Freedom is the power given by God to act or not to act, to do this or to do that, and so to perform deliberate actions on one's own responsibility. Freedom characterizes properly human acts. The more one does what is good, the freer one becomes. Freedom attains its proper perfection when it is directed toward God, the highest good and our beatitude. Freedom implies also the possibility of choosing between good and evil. The choice of evil is an abuse of freedom and leads to the slavery of sin.
364. What is the relationship between freedom and responsibility?
Freedom makes people responsible for their actions to the extent that they are voluntary, even if the imputability and responsibility for an action can be diminished or sometimes cancelled by ignorance, inadvertence, duress, fear, inordinate attachments, or habit.
365. Why does everyone have a right to exercise freedom?
The right to the exercise of freedom belongs to everyone because it is inseparable from his or her dignity as a human person. Therefore this right must always be respected, especially in moral and religious matters, and it must be recognized and protected by civil authority within the limits of the common good and a just public order.
366. What place does human freedom have in the plan of salvation?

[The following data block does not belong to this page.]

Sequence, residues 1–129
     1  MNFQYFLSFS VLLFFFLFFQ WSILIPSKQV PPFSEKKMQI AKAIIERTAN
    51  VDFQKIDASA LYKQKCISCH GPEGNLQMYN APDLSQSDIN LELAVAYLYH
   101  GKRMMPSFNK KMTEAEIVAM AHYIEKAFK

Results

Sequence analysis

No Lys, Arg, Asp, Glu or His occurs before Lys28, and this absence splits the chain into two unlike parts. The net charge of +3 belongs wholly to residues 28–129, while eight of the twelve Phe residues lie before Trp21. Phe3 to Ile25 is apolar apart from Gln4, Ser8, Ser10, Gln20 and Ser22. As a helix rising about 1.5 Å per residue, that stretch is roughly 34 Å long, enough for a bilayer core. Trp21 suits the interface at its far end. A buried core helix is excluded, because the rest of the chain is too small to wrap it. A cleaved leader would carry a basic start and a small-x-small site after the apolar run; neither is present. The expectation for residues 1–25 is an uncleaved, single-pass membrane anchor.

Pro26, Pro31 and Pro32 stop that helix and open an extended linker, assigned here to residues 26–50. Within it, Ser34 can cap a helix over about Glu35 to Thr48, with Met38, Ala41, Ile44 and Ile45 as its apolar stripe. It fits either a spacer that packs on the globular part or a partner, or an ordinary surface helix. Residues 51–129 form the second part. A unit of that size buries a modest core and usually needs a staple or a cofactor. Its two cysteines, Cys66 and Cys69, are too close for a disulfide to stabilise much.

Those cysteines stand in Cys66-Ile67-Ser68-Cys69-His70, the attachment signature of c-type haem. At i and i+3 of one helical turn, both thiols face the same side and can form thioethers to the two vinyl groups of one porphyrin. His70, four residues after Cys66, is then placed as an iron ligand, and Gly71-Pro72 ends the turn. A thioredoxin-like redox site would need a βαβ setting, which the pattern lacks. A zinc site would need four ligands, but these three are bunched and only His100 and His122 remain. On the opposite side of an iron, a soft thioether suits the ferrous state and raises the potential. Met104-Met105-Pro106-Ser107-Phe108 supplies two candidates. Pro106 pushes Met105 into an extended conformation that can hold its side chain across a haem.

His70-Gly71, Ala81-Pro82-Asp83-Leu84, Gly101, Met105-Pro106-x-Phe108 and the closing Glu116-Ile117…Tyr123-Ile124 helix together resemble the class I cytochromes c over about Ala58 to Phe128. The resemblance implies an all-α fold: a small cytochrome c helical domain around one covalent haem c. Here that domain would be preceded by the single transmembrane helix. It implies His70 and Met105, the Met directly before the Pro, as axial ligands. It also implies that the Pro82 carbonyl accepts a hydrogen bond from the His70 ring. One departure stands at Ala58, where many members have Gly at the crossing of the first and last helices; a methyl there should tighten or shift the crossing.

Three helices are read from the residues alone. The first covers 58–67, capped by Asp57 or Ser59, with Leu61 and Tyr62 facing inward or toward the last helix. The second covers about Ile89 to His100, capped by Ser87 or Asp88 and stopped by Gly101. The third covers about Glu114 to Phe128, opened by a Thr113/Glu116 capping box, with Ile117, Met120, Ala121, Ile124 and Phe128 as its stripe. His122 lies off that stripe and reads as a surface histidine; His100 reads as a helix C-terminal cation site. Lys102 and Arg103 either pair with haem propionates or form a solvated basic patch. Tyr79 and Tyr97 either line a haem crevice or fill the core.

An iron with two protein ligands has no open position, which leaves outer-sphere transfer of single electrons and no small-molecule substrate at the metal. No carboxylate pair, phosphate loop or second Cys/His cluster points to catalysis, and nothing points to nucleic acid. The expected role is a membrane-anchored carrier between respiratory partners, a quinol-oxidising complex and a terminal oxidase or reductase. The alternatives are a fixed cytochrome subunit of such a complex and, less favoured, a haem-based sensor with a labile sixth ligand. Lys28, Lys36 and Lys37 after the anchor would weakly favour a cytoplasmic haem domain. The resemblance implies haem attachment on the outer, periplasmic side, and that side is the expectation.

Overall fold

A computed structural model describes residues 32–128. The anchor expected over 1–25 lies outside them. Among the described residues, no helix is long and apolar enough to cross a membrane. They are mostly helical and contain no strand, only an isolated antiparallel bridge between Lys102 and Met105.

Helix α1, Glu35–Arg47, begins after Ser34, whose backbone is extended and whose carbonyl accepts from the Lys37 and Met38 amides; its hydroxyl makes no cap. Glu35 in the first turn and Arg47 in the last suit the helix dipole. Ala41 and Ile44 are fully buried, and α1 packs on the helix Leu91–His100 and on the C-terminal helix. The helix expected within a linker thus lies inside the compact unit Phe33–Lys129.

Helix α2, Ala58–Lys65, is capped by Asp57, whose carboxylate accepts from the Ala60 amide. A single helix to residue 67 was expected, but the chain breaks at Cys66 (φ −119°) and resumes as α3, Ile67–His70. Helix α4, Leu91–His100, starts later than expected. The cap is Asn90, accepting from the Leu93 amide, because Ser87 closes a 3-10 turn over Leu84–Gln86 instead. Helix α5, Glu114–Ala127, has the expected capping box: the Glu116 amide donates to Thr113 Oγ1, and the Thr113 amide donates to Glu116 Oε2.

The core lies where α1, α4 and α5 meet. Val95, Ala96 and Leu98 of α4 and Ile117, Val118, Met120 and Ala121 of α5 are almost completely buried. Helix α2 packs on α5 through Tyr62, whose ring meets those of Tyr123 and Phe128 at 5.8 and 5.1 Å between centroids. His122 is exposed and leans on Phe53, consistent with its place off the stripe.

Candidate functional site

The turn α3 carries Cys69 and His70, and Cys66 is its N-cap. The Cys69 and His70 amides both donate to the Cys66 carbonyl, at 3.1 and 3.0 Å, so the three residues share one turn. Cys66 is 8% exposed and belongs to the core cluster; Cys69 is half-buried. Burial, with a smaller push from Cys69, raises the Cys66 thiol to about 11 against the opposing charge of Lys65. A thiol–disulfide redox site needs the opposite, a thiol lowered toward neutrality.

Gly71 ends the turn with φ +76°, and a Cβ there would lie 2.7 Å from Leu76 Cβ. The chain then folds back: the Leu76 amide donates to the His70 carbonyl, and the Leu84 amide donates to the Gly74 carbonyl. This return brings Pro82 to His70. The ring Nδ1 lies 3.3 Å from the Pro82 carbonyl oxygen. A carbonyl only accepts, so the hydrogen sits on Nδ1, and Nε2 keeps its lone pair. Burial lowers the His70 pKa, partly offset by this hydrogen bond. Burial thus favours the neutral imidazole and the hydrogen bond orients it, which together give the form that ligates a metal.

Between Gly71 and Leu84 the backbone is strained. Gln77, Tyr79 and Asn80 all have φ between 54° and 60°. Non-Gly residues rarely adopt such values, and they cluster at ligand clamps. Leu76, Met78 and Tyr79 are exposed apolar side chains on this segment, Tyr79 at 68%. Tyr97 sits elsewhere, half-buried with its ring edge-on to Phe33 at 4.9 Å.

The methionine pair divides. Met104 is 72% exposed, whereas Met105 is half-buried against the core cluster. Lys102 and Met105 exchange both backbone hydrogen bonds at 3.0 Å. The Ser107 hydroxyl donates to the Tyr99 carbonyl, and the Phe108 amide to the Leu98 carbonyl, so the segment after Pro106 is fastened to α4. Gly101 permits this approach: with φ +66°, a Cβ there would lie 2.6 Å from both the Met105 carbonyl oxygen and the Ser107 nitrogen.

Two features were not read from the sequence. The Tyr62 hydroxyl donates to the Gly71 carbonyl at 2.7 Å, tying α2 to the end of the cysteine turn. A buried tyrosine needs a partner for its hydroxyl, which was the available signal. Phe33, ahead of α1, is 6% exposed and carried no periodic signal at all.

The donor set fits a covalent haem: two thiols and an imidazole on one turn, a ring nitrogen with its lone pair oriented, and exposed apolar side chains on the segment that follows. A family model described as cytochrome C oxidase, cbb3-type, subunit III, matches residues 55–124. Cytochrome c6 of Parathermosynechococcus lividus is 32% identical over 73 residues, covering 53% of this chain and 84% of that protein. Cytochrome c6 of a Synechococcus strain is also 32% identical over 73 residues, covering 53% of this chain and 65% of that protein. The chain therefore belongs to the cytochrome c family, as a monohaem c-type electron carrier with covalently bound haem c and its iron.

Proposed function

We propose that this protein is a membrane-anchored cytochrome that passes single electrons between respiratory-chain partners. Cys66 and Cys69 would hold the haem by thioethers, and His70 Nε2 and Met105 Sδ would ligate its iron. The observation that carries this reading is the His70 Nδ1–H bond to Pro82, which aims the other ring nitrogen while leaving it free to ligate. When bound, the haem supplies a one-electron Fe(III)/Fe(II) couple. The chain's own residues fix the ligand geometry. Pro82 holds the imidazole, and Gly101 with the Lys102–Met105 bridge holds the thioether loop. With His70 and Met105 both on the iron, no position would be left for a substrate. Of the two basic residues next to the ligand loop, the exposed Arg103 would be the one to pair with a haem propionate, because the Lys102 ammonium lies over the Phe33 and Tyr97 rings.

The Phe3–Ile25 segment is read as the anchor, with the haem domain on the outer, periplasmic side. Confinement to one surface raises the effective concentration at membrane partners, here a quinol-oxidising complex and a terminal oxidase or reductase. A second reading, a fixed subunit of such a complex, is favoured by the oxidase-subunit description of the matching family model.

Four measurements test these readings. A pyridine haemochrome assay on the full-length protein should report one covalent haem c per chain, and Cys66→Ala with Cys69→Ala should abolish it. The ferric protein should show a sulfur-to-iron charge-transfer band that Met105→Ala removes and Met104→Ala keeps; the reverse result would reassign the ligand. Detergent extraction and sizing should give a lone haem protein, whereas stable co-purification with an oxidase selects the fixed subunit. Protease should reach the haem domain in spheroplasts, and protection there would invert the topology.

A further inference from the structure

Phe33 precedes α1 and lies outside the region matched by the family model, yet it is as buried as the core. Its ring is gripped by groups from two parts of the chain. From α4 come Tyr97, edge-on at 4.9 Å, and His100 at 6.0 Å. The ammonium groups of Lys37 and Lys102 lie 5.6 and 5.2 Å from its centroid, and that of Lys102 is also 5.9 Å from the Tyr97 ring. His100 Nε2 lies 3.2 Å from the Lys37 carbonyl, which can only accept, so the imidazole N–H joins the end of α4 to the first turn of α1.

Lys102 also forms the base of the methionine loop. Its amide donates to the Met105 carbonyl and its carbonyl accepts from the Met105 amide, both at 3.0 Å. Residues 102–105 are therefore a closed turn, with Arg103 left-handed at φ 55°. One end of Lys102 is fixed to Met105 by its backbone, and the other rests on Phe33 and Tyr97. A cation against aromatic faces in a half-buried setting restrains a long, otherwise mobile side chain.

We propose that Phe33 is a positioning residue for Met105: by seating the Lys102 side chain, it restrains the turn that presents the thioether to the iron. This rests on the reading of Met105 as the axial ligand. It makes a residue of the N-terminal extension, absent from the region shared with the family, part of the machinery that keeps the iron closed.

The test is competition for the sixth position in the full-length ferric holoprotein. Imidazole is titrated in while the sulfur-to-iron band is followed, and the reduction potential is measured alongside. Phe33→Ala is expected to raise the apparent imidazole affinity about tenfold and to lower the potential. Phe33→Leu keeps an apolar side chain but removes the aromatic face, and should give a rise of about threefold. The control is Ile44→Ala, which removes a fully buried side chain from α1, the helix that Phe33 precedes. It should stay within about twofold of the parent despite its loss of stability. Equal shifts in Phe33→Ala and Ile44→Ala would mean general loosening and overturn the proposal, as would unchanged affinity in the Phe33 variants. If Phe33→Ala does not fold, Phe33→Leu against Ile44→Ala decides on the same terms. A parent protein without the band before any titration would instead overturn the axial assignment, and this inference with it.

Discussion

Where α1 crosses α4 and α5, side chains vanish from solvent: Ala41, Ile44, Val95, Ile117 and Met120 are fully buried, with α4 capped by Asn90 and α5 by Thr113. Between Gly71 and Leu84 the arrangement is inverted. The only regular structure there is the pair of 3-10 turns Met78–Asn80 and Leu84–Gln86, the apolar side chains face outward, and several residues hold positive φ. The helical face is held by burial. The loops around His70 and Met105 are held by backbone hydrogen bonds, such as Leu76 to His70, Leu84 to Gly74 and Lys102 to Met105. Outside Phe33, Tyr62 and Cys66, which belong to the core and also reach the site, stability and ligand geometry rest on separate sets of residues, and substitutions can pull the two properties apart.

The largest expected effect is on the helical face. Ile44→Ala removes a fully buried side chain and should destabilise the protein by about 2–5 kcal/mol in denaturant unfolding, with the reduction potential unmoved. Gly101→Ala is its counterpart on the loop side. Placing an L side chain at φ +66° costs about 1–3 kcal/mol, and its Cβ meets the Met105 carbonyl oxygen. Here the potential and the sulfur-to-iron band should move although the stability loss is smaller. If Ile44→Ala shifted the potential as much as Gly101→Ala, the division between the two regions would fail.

Our freedom is weakened because of original sin. This weakness is intensified because of successive sins. Christ, however, set us free “so that we should remain free” (Galatians5:1). With his grace, the Holy Spirit leads us to spiritual freedom to make us free co-workers with him in the Church and in the world.
367. What are the sources of the morality of human acts?
The morality of human acts depends on three sources: the object chosen, either a true or apparent good; the intention of the subject who acts, that is, the purpose for which the subject performs the act; and the circumstances of the act, which include its consequences.
368. When is an act morally good?
An act is morally good when it assumes simultaneously the goodness of the object, of the end, and of the circumstances. A chosen object can by itself vitiate an act in its entirety, even if the intention is good. It is not licit to do evil so that good may result from it. An evil end corrupts the action, even if the object is good in itself. On the other hand, a good end does not make an act good if the object of that act is evil, since the end does not justify the means. Circumstances can increase or diminish the responsibility of the one who is acting but they cannot change the moral quality of the acts themselves. They never make good an act which is in itself evil.
369. Are there acts which are always illicit?
There are some acts which, in and of themselves, are always illicit by reason of their object (for example, blasphemy, homicide, adultery). Choosing such acts entails a disorder of the will, that is, a moral evil which can never be justified by appealing to the good effects which could possibly result from them.